Contributing to the project

GeoBlacklight is a collaborative open source project and contributions are welcome. This contributing guide is borrowed in part from the Samvera Contributing Guide and the Blacklight Contributing Wiki.

Who can contribute?

Anyone is welcome to contribute to GeoBlacklight. We follow a set of contribution practices to maintain a technically sustainable and stable software project for everyone.

Reporting issues

Did you find a bug in GeoBlacklight or interested in a new feature? Report it by creating an issue on our GitHub Issue Tracker.

  • You will need to have a GitHub account
  • For bugs, please include the following information:
    • Provide a descriptive summary
    • Explain the expected behavior
    • Explain the actual behavior
    • Provide steps to reproduce the actual behavior

GeoBlacklight Software Versioning

GeoBlacklight follows the practice of Semantic Versioning for software releases. The declared semantically versioned public API includes:

Contributing code or documentation

GeoBlacklight welcomes code and documentation contributions from anyone. We follow the pull request model for contributing on GitHub. GeoBlacklight uses a suite of tests to express its features and protect from bugs.

When proposing major new features that may introduce a breaking change, please make sure to communicate with the community so the full implications can be evaluated. Others may be able to help make these changes backwards-compatible with existing versions.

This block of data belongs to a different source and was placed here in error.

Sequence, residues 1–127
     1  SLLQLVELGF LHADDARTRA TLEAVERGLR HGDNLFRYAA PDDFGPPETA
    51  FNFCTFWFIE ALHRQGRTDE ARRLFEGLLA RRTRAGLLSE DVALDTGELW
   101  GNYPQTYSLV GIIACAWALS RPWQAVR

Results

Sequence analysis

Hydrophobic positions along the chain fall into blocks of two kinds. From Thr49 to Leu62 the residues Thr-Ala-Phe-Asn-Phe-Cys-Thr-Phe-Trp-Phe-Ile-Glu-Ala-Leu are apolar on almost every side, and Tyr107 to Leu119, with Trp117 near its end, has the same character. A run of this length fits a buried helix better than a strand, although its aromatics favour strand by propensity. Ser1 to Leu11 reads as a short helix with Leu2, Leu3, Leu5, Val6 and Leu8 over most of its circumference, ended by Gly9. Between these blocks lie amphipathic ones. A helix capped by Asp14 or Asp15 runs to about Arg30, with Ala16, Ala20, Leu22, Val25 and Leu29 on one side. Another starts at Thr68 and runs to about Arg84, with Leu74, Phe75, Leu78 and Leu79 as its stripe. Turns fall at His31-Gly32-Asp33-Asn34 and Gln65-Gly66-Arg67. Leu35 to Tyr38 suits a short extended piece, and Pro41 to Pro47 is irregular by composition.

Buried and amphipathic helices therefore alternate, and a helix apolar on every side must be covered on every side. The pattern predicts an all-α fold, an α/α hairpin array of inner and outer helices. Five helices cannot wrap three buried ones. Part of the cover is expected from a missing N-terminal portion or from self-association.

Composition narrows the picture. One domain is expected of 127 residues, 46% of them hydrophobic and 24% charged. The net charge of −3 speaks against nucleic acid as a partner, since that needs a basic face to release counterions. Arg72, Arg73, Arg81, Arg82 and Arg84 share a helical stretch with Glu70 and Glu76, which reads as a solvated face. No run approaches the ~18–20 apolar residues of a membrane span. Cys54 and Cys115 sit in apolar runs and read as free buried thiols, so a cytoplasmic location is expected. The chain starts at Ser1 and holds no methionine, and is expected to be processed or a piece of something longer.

Pull request overview

  1. Fork it ( )
  2. Create your feature branch (git checkout -b my-new-feature)
  3. Commit your changes (git commit -am 'Add some feature')
  4. Push to the branch (git push origin my-new-feature)
  5. Create new Pull Request

Merging Changes

  • Committers are discouraged from merging their own pull requests.
  • Please take the time to review the changes and get a sense of what is being changed. Things to consider:
  • Does the commit message explain what is going on?
  • Does the code changes have tests? Not all changes need new tests, some changes are refactorings
  • Do all new methods, modules, and classes have comments? Do changed methods, modules, and classes have comments?
  • Does the commit contain more than it should? Are two separate concerns being addressed in one commit?
  • Did the Travis tests complete successfully?
  • If you are uncertain, bring other contributors into the conversation by creating a comment that includes their @username.
  • If you like the pull request, but want others to chime in, create a +1 comment and tag a user.

If you wish to ask questions or participate further, email the GeoBlacklight Working Group at